Another Saturday morning, another batch of banana pancakes. “Mmm-Mmm!” my husband says, eyeing a stack. No matter how often I make this dish, his gut reaction is the same: this exclamation so clichéd it defies replacement. It’s a learned response, right? Like Mmm-Mmm, Good! That’s what Campbell’s soups are, after all.
So, why don’t we say Mmm-Hmm instead? Isn’t that the universal utterance of accord and acceptance? Go ahead, say it. I can just hear you as you nod agreement, Mmm-Hmm. The first sound flows to the second without resistance.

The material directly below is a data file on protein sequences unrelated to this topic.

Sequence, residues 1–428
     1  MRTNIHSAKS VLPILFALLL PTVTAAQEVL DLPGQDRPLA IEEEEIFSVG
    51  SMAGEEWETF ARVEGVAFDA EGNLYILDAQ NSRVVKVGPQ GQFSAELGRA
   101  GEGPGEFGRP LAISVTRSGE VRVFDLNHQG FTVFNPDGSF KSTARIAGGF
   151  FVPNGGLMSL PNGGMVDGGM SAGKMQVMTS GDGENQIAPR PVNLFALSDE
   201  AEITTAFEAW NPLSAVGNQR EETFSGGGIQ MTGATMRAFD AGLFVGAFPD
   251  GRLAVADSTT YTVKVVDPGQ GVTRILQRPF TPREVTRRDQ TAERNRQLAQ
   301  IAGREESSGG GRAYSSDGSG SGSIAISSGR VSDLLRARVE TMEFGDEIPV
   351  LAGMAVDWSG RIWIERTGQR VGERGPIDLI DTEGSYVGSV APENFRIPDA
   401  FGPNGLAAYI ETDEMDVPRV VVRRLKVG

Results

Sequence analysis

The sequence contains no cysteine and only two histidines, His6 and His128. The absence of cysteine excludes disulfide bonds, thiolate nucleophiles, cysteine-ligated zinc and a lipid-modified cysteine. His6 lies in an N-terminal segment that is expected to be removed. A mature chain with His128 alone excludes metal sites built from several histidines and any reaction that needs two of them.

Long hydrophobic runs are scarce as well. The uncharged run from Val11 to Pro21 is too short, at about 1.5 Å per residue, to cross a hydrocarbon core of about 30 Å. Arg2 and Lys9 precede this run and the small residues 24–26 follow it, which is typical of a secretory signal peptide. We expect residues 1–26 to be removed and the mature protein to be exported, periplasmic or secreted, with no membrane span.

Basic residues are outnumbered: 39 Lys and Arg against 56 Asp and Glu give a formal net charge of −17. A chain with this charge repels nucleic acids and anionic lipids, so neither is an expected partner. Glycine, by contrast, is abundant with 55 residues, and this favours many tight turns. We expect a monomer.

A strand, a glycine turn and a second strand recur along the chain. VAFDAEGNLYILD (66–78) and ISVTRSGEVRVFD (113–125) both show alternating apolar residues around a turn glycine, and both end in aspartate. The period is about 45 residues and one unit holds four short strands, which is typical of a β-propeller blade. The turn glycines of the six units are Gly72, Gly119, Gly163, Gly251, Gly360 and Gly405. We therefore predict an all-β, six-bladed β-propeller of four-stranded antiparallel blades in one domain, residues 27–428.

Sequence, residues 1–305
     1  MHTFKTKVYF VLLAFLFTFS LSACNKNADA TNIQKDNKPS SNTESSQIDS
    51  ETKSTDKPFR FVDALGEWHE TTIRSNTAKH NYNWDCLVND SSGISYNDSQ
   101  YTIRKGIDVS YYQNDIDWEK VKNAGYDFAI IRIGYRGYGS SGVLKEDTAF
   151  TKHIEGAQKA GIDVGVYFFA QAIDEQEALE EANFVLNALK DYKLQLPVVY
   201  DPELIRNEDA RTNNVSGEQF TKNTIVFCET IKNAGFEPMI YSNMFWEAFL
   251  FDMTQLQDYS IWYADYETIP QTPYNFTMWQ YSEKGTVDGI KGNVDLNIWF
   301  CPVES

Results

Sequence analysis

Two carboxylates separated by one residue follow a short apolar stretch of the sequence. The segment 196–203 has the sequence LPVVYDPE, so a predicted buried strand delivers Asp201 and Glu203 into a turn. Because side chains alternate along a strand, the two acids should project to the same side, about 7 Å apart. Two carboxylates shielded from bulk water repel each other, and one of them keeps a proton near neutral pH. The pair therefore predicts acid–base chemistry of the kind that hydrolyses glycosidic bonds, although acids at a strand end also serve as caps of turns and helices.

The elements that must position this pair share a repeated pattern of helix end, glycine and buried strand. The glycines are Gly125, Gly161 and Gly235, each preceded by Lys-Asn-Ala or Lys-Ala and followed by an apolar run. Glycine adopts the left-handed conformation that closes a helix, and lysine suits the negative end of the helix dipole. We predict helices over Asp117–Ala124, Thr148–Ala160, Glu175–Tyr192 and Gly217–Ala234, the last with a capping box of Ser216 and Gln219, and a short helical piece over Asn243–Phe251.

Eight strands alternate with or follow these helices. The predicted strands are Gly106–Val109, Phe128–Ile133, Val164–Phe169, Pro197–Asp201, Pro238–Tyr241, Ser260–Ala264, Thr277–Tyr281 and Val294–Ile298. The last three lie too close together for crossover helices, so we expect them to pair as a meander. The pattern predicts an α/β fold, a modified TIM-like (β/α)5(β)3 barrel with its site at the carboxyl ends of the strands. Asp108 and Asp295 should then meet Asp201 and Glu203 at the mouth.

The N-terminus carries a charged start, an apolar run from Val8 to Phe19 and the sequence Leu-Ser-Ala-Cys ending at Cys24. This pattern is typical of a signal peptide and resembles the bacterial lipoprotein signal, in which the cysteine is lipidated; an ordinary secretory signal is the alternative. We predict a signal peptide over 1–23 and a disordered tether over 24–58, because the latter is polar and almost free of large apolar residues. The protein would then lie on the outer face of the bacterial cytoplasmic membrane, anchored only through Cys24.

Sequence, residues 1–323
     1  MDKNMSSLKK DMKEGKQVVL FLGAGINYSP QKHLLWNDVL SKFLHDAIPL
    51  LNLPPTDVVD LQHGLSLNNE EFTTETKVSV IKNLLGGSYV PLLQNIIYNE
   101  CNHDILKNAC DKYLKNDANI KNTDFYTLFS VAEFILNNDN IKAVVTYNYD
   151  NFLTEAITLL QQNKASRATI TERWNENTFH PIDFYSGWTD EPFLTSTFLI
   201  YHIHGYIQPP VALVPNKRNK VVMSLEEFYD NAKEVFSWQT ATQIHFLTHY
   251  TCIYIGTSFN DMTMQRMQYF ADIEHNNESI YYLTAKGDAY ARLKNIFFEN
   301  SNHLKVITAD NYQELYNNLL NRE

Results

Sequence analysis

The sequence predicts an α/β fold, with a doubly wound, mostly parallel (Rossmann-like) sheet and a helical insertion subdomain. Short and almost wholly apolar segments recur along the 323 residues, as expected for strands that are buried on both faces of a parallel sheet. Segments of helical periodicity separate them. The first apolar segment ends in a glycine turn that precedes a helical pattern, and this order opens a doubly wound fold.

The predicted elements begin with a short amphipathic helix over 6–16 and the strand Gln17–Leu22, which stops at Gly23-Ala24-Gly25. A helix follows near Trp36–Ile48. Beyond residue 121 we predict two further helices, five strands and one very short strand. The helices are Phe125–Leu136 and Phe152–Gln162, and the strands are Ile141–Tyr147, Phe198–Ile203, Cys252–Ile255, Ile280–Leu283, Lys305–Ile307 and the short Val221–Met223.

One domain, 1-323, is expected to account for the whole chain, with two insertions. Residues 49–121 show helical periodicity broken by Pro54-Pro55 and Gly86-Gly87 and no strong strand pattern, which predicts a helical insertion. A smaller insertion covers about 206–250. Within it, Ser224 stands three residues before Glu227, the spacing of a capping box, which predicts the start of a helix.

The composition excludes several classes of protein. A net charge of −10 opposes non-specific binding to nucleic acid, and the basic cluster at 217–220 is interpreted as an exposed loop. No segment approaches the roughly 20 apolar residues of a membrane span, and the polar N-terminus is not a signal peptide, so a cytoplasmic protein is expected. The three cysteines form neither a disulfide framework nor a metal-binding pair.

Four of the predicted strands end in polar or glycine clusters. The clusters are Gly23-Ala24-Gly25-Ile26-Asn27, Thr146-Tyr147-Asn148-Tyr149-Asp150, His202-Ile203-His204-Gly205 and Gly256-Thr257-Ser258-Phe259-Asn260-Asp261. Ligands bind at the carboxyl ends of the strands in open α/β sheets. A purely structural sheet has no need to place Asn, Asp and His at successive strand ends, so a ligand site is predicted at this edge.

Mmm-Mmm by contrast, with its interruptive glottal stop, is what babies say as they lock their lips and shake their heads in refusal. (Puréed liver?! Mmm-Mmm!)
No sooner have I spoken this rhetorical question, than I take a bite and hear Mmmmmm rise from my throat. It’s an extended phonation of pure pleasure, and it has only one syllable.
“I heard that,” my husband says, taking a bite, and Mmmming along with me.
Mmm-Mmm is an advertiser’s fallacy showing forethought and the intention of appreciation, whereas Mmmmm, like the sound of a great kiss, is the real deal.